Ecstaticus (click image to see more)
This body of work is a reinterpretation of medieval sacred iconography. The Middle Ages were characterized by a supreme preoccupation with faith and religion, but was also a time during which the imperfect body and its needs were on constant display. Almost everything in this era was viewed as symbolic: colors and numbers, animals and plants, nature and the senses. The human body was viewed as a microcosm of society, an arena in which sin and holiness clashed. The body could either facilitate experiences of the divine or commune with darkness.
As a nonbeliever, unsure of even the existence of a soul, I am intrigued by medieval Christians’ complete readiness to believe in the possibility of divine interference and their unwavering faith in the existence of a spiritual and physical dialogue in which the soul and the corporeal are often opposed but always bound together. Regardless of whether a god exists or not, the power of human faith is undeniable. It can drive people to kill and destroy, yet it is also responsible for so many wondrous things. So, rather than ponder the existence of god, I am more interested in exploring what people do when they believe in god. Because stories of the Middle Ages are so rich with allegories, I explore the purposeful rearrangement of traditional images to create new meanings, using a visual vocabulary steeped in the medieval aesthetic to address contemporary issues.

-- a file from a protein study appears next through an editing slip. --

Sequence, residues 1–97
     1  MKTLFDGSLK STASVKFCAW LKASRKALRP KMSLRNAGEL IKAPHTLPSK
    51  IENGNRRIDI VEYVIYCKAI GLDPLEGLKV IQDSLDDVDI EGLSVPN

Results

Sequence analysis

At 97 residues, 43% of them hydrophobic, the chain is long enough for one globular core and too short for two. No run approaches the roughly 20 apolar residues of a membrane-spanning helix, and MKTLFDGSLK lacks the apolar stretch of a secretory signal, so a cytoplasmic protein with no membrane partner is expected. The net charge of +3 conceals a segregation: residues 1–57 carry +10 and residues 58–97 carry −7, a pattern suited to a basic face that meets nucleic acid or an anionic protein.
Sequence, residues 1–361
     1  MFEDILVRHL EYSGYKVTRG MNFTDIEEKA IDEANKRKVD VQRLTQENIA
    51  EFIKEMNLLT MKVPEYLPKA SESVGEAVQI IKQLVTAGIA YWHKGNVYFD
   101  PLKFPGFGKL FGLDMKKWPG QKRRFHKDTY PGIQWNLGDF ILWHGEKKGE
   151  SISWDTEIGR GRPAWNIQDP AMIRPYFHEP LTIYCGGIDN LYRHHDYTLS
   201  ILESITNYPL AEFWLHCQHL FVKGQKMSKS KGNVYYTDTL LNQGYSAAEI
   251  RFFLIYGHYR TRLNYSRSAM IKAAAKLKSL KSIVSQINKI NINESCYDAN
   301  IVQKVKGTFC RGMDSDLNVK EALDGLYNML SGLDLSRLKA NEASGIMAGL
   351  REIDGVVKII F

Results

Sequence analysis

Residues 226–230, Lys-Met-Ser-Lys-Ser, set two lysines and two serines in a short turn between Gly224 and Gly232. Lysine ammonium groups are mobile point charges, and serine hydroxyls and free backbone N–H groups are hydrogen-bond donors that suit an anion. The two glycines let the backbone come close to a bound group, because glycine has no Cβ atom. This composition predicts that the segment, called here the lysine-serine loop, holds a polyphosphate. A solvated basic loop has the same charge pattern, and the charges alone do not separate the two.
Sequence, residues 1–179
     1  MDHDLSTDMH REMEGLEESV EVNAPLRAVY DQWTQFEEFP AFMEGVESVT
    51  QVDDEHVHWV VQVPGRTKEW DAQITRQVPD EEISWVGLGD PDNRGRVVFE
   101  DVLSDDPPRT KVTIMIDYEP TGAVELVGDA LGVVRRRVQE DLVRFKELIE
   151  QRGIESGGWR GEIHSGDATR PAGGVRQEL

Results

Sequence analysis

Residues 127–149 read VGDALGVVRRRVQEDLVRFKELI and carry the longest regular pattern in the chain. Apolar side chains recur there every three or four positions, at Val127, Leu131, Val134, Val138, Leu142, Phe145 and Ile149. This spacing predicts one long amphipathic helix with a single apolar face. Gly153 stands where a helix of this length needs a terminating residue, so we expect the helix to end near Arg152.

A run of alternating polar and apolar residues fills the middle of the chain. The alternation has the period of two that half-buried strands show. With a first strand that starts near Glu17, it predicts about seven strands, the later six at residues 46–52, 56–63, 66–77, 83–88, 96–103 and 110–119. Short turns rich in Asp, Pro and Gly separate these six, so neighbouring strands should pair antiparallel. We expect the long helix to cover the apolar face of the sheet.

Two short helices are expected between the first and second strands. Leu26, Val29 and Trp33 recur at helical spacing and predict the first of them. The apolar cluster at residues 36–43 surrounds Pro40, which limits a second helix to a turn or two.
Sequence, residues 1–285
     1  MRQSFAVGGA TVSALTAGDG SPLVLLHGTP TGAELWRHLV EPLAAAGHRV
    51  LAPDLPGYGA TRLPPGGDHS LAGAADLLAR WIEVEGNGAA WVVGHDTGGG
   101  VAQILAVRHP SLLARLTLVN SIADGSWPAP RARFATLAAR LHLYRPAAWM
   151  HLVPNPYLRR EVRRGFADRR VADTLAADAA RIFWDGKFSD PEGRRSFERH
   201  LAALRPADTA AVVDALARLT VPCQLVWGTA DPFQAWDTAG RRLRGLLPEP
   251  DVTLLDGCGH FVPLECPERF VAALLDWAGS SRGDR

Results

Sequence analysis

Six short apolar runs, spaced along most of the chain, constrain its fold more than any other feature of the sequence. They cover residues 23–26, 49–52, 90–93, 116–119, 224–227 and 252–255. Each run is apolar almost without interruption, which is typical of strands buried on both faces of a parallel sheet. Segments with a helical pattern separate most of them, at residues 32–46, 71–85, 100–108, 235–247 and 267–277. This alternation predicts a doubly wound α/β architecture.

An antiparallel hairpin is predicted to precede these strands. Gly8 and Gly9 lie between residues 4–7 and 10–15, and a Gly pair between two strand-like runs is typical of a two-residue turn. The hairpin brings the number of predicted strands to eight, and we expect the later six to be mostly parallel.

I want people viewing my work to intuitively experience the stories of these women, even if they do not know or venerate them as saints. Their stories and images have had the power to touch people emotionally and often irrationally, to connect them with the divine. My work explores this power, reconfiguring it to reflect the contemporary experience of individuals